RANT -200 units in 80 hrs of play.

Discussion in 'Skilled Play - Card Counting, Advanced Strategies' started by White Guy, Nov 29, 2011.

  1. White Guy

    White Guy Well-Known Member

    I have played more in the last 60 Days than any other 60 days I am pretty sure. Three sessions pretty much are to blame for all the losses.

    Good news? I won a big side bet that actually makes me even over that period. Plus due to the fact that two of 3 said sessions were rated in a HL room I have a lot of good comps flooding in. The actual value of said comps is probably equal to 50 percent of the actual losses. I think ratholing may have helped.

    Motivated me to read Comp City. Just started.
  2. Bondy3

    Bondy3 Well-Known Member

    being down sucks

    trust me, I know the feeling :( so do most people here on this forum
    Last edited: Nov 30, 2011
  3. BrianCP

    BrianCP Well-Known Member

    I know the feeling even though I've never been to a casino! I was running a six deck with local rules at home (just dealing to 4 imaginary BS players and to myself) while counting and altering my bets like I planned on doing later.

    I don't remember how far down I was, but it was at the bottom end of probable variance. I didn't think I could lose nearly as much (imaginary) money as I did spreading 5-75 on a six deck game.

    Honestly, I'm glad I had such a bad swing while I was practicing. It showed me how bad the bad streaks can get and how much you can actually lose despite playing with an advantage.
  4. Friendo

    Friendo Well-Known Member


    During my cratering/ass-whipping, I ran from all-time high to all-time low in 15 hours, for a slide of around 460 units, putting me well into the red for the year.

    Highlights of this exciting period included:

    • 110 units lost on one shoe
    • All 11s doubled were met with an ace - not really all, but it seemed that way
    • Max bet, split to three hands, doubled on two - all three hands were 20. Dealer 5 up, with 10 in the hole: drew a six, of course. 5 max bets bye-bye.
    • Many, many other dealer hands of 10-6-5 during this period. Uncanny.

    Interestingly, the all-time high was at the end of a 200-unit gain over three hours.

    Feel the variance - live the variance - be the variance! :eyepatch:

    The weirdest things about this? Knowing full well that it means absolutely nothing statistically, and that if I were black-chipping, I would have been around $45K poorer. :joker:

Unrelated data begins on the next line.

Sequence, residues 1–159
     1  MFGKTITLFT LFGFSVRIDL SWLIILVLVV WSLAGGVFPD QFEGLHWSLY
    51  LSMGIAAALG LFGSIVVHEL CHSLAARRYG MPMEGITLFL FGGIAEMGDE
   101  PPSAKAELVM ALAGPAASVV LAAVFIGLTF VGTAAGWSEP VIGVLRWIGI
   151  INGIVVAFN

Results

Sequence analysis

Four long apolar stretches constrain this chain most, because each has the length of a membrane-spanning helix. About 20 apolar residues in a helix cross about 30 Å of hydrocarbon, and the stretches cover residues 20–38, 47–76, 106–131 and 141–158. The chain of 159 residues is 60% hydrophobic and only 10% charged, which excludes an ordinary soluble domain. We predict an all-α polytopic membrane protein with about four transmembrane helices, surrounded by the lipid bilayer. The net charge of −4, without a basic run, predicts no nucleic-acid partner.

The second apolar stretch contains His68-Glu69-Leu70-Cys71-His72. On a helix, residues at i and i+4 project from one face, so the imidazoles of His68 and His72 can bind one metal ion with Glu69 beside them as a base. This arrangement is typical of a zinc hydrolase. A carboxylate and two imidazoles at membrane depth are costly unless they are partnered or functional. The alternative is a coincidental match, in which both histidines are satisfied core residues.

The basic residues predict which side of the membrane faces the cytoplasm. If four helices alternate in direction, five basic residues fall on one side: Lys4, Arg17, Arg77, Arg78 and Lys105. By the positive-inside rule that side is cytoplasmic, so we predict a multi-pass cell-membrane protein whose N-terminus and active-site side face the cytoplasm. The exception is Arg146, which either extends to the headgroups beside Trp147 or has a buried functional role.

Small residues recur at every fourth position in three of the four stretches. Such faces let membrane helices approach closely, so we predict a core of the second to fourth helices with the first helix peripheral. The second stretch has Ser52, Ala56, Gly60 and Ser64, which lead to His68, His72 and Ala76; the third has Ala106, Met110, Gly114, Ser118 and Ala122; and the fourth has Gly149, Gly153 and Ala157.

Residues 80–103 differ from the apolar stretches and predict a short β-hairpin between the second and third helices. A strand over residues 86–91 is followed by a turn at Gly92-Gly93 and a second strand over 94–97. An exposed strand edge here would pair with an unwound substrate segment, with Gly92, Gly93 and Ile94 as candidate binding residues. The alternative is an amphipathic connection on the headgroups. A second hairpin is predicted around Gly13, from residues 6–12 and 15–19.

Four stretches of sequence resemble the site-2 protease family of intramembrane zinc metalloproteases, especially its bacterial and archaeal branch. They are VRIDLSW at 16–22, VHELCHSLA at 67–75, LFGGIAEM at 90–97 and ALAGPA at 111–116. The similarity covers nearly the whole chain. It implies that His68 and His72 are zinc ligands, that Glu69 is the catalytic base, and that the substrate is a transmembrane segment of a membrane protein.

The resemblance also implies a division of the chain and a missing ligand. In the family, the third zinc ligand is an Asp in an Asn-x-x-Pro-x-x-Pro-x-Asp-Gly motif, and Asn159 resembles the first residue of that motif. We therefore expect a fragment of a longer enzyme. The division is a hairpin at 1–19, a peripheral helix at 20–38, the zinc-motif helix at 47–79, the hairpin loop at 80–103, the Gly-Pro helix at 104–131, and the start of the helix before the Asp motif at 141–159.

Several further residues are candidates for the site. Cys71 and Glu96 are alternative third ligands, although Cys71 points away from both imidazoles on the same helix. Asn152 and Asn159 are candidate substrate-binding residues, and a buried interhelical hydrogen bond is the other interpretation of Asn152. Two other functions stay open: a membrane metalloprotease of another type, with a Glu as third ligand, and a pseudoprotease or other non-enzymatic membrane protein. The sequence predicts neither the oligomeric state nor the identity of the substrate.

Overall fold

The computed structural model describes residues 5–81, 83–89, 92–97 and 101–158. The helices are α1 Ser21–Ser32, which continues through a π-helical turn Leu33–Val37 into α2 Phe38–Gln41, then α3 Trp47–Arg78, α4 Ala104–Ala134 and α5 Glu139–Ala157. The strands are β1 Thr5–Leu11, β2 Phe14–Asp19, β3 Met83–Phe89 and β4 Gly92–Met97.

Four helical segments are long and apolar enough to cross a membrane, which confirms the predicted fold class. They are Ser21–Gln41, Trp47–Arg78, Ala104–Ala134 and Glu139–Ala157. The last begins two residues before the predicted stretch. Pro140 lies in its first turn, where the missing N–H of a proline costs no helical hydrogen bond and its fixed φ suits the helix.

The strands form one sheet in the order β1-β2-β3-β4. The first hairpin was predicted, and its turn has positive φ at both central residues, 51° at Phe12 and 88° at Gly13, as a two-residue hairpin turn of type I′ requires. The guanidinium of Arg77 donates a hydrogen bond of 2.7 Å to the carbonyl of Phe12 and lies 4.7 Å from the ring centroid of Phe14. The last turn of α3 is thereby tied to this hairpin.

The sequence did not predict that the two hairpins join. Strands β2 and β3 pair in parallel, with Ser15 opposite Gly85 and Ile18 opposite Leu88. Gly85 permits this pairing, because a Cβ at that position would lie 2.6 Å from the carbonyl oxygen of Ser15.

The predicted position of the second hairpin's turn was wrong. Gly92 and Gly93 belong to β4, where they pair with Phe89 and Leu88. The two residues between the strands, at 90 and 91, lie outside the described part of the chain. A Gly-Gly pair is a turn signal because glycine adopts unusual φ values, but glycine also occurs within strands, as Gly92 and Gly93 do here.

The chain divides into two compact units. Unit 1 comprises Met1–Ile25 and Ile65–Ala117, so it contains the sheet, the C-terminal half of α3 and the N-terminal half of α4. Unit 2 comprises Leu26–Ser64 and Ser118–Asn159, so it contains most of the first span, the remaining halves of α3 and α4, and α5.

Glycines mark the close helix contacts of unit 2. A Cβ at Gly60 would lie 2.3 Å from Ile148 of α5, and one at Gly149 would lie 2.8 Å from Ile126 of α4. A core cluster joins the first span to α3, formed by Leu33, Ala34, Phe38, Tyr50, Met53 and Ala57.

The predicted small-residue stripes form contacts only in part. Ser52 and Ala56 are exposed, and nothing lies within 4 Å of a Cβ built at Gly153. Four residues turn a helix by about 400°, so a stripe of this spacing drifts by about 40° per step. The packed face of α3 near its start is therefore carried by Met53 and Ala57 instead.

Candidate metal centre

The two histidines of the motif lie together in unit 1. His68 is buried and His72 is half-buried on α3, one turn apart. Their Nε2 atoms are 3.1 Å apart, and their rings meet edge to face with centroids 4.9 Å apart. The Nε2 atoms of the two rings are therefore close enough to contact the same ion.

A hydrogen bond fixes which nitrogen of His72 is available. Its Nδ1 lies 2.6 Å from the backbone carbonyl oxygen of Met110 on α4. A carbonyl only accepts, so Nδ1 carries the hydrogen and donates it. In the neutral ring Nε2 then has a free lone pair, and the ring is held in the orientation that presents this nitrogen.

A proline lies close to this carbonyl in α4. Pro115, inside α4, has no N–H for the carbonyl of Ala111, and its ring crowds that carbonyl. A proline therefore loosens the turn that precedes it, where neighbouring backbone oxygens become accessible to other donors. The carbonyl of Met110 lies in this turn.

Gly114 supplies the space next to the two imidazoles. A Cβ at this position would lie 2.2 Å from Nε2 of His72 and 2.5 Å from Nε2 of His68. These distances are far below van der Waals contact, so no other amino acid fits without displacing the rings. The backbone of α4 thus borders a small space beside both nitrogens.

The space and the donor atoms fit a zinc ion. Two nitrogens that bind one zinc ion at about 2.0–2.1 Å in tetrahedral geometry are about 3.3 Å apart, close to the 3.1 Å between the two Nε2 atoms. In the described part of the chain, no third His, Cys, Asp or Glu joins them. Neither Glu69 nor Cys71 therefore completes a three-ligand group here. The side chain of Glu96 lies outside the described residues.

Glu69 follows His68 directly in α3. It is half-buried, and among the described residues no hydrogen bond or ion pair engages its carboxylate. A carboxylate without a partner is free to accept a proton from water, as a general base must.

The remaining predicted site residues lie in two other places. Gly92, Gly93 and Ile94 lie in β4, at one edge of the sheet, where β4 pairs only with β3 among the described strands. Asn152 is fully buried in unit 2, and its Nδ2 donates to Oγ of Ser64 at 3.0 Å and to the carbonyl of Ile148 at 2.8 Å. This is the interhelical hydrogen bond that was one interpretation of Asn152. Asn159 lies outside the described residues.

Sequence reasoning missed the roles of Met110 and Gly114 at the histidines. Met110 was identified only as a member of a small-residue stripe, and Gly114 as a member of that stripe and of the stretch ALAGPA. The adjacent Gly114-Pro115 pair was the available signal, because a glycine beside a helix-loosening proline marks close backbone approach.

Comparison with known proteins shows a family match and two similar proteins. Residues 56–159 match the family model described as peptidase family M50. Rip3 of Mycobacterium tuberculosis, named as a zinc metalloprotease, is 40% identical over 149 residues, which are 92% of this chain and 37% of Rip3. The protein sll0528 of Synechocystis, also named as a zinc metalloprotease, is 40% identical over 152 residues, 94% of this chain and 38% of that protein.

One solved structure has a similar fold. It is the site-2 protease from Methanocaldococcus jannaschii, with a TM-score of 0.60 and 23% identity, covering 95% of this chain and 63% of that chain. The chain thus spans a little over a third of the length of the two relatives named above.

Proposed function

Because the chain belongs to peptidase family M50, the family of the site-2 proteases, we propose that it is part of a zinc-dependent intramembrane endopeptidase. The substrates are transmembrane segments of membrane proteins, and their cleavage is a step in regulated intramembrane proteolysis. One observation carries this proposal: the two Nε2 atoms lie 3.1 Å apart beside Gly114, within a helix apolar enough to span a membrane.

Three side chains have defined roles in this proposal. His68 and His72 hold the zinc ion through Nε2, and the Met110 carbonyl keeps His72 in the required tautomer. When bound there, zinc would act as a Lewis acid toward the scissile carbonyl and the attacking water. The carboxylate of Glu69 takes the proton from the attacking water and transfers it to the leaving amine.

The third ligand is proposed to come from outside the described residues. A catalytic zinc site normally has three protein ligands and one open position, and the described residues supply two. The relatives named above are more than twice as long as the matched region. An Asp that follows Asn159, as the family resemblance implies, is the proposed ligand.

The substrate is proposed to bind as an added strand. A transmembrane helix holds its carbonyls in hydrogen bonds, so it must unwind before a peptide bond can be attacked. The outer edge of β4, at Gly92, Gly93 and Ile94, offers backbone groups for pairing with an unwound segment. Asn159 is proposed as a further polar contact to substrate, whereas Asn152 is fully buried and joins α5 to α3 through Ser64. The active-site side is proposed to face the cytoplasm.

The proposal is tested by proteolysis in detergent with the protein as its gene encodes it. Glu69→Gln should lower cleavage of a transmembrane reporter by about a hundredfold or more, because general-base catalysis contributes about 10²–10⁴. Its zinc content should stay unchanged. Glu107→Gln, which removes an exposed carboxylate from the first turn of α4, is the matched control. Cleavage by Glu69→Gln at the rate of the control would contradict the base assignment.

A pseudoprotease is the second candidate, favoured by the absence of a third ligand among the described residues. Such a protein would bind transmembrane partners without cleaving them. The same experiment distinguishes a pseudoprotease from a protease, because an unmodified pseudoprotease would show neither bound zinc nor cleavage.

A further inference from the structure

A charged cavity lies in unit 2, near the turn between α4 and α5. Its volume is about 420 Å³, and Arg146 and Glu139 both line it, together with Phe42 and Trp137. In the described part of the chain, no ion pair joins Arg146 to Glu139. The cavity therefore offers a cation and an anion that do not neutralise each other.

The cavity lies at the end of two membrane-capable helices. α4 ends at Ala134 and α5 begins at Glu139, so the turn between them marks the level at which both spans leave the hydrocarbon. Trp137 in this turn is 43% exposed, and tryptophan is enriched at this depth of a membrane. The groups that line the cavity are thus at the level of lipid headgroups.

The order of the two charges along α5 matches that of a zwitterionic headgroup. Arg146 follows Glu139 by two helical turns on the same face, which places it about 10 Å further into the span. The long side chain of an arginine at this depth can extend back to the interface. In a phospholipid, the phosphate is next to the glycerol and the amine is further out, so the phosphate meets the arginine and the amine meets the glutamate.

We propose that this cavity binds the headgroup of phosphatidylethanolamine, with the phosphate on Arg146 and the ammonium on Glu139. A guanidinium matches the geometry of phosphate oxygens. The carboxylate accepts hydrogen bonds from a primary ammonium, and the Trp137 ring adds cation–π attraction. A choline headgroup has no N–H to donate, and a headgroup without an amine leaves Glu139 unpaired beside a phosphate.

Last edited: Nov 30, 2011
  5. Friendo

    Friendo Well-Known Member

    Casino Vérité is still my home store - something about Cassie is really sexy - and gave me a positive swing that provided some clarity: +$11K in 2800 hands: up, up, and up, spreading $10 - $80 and Wonging.

    It was actually scary, because an $11K upswing is about as likely as a $10K downswing during 28 hours of red-chipping.
  6. White Guy

    White Guy Well-Known Member

    Thanks for the support guys and the stories.

    Friendo. Funny thing the stupid aces on the 11 double downs and some splits are what really pissed me off too.

    Also, I was seriously starting to wonder how many f in 7s were in the shoe on one shuffle because it seems like every 14 turned to a 21. I guess this is a problem with hi lo because 7s are neutral so I can have a sky high count with 24 7s left in 2 decks.

    I am sure my swing would have been WAY worse if it hadn't been for aggressive wonging and spreading 1-20 when I saw it was possible.

  7. tthree

    tthree Banned

    When things go bad at high counts big spreads mean big loses. You hope for the favorable side of variance but you don't always get it.
  8. BrianCP

    BrianCP Well-Known Member

    Very true. Sometimes, you will also encounter a "false" positive count. This is what got me during my practice sessions. Count would start going up, I would start betting more, then the count would just keep going up until I reached the cut card (75% pen at 6 decks).

    This means that I never actually played with the advantage because the high cards were all in the portion of the deck that wasn't dealt. This also means I was playing with a significant disadvantage on my high bets.

    Obviously, a high count with 3 decks or so to go will usually have the high cards evenly distributed. On average, I would've had the advantage in that situation. A few times, I might actually have a huge advantage because of the high cards being clumped together when I get out the max bet.

    Also, this reveals the importance of deck penetration. If every card was dealt, these clumps being cut away obviously couldn't happen. Eventually, your max bet would be rewarded by a significant drop in count. You would still lose some money, but not nearly as much as if the high cards were just cut away.
  9. Friendo

    Friendo Well-Known Member

    We're more likely to win our splits/doubles and get blackjacks during falling counts.

    Since it's impossible to know with certainty whether the count will rise or fall during the next hand, we vary our bet according to the likelihood of the count falling during that next hand: at high counts, the count is more likely to drop during the next hand. At negative counts, the count is more likely to rise, so we bet little, or Wong out.

    If the we lose at a high count, and the count rises, we have a greater advantage on the next hand, which is some consolation for the loss.

    And then there are the ultra-high counts which drop quickly to zero, because everybody, including the dealer, gets a bunch of 20s: pushville.
  10. BrianCP

    BrianCP Well-Known Member

    Exactly. This is why it is so frustrating when the count doesn't actually ever fall. It was very likely that it was going to, and then the dealer hits that cut card. There goes the consolation prize for the count going up when it was already high, right into the ASM.